• Store-bought fruit juices are also loaded with sugar, which may lead to obesity and diabetes. For instance, A medium orange has 12 grams of sugars, but a cup of orange juice has 21 grams.

As you can see, although juices are a great alternative to artificially sweetened drinks and are superb to introduce a quick shot of vitamins and minerals into a busy day (and they taste good too!), they are not without their disadvantages.

Always use caution with portion sizes of juice and the frequency at which you drink them.

How can you make juices better for you?

Given everything we have said here, we can make some clever changes to our juices to make sure they are the very best they can be for our health, especially if you are not ready to lock them off your breakfast menu just yet (and we love them in moderation here!)

You can:

Fruit Juice vs Whole Fruit - How to make Juice

  • Blend: Blending is much better than juicing as the juice retains the pulp and skin from the fruit, which introduces more fiber into the juice from the whole fruit.
  • Include vegetables into the mix to add depth and diversity. Only use a small handful of each fruit you use, such as berries, a small banana, or a small apple.
  • To mask the taste of vegetables, add the juice of half a lemon or a touch of apple cider vinegar to your blended fruit and vegetable juice which will make the overall juice taste sweeter without adding more fruit or sweeteners.
  • Add in some healthy fats, such as chopped nuts or flaxseeds, to slow the absorption of the sugars and regulate the rate at which the sugars affect the body.

Related: 1 Cup Before Bed Shrinks Belly Fat All Night (Video)

Which fruits are best to juice?

With such a wide variety of fruits (and vegetables!) available to us, there will inevitably be some juices that are better for us over others, and some of the entries here might surprise you!

Let’s look at the healthiest juices you can make at home, and this is always the best way to make a juice to ensure there are no hidden nasties in the liquid you are consuming.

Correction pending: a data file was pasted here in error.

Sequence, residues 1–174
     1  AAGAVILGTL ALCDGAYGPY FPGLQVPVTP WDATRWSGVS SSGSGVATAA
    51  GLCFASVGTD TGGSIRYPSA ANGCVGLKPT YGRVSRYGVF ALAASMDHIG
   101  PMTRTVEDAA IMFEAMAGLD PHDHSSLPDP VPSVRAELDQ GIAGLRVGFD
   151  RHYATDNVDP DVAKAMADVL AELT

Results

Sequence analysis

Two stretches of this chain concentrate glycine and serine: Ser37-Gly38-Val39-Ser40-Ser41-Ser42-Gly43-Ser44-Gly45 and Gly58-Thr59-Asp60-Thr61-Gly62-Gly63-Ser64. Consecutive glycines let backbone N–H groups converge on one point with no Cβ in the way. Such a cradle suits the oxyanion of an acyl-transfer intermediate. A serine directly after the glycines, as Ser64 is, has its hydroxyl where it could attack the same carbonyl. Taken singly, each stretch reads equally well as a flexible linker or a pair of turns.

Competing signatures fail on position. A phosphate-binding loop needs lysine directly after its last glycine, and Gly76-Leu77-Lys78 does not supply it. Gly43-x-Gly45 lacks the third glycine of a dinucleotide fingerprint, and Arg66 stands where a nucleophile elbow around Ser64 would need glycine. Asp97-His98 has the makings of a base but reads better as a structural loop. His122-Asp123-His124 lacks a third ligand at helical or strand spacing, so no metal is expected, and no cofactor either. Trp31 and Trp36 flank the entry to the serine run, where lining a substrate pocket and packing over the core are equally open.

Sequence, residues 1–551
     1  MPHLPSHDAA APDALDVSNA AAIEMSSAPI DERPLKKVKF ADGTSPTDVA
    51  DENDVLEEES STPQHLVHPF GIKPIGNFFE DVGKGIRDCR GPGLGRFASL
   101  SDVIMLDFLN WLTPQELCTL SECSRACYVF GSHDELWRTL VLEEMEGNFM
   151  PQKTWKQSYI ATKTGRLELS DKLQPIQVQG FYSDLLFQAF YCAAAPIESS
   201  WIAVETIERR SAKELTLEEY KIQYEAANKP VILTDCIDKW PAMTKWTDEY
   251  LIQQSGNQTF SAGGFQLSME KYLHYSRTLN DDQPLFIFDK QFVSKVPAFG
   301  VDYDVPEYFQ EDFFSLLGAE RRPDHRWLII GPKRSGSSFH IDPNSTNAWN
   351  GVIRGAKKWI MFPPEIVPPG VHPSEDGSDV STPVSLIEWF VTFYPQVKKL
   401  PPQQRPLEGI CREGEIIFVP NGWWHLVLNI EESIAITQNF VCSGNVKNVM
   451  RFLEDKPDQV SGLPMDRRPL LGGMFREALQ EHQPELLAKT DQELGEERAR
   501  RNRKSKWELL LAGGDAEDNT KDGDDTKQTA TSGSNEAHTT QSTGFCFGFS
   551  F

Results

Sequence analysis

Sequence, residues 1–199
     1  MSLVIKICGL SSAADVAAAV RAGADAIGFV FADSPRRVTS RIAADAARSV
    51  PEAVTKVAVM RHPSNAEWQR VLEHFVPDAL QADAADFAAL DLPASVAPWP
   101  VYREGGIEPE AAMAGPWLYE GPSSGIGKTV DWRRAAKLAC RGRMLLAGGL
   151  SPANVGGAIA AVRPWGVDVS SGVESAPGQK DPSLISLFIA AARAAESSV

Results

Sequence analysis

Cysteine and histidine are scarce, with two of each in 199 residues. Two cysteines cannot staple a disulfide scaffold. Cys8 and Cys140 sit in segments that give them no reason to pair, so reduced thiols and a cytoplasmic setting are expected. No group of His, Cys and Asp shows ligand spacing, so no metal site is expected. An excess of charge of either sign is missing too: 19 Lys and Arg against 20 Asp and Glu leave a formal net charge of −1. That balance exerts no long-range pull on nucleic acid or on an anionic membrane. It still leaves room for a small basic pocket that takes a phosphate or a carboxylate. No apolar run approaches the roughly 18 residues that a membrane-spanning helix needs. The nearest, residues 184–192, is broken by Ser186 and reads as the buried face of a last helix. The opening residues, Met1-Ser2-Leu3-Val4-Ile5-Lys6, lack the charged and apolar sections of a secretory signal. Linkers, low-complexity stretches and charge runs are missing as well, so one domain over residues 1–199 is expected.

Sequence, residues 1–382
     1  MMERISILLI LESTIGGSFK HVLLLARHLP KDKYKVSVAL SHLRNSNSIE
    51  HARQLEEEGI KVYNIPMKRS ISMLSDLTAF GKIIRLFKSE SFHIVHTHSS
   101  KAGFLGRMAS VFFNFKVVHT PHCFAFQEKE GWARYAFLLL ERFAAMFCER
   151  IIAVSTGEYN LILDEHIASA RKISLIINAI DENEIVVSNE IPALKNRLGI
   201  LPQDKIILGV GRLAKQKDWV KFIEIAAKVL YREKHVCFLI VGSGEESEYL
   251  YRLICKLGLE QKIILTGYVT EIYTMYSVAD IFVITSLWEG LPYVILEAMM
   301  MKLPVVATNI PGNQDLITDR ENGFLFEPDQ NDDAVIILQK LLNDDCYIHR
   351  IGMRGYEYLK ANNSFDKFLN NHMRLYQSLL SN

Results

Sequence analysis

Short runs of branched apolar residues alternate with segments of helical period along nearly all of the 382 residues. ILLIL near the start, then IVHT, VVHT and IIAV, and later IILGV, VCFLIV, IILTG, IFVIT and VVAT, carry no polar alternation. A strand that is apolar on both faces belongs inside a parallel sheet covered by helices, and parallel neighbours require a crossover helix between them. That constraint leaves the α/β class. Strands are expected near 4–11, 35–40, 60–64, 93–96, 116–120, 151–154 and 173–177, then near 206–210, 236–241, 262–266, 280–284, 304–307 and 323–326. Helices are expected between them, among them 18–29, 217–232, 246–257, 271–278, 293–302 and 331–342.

1. Cranberry- high in antioxidants, and vitamins C and E, which may help protect your cells from damage caused by free radicals. Cranberry juice may also alleviate the symptoms and reduce the instances and frequency of urinary tract infections. 
  2. Tomato juice- exceptionally high in vitamin C, which is a powerful antioxidant that supports the absorption of iron and promotes immune health. Yes, biologically, the tomato is a fruit!
  3. Fruit Juice vs Whole Fruit - Beet JuiceBeetroot- Beet juice is high in inorganic nitrates, a compound studied and shown to increase one’s athletic performance. This compound has also been shown to decrease blood pressure and lower the risk of heart disease.
  4. Apple- Potentially the second most common juice under orange juice, apple juice can be made in 2 different types, Cloudy apple juice (with pulp) and clear apple juice. Cloudy apple juice has a more significant amount of antioxidants per milliliter and may have up to 2–5 times the antioxidant content of clear apple juice.
  5. Prune- Prunes are the dried version of plums.

They are widely used as a natural remedy for constipation due to their higher fiber content, which may make compacted bowel movements easier to pass.


Overall, fruit juices are by no means bad at all, but they must be used with some precautionary measures due to their concentrated sugars.

Blended juices are better for you as they will contain more fiber than those juices that are just the liquid content; pulp and pith and skin are all great elements involved in your fruit juice.

You can balance the way your body uptakes the higher concentration of natural sugars in fruit juice by having the juice with a well-balanced meal, such as breakfast, or by adding vegetables, fats, and seeds into the juice to slow the absorption of sugars.

Everything in moderation is a saying we will use here, as juices are delicious and a fab way of grabbing so quick vitamins and minerals into your day.

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Great stuff!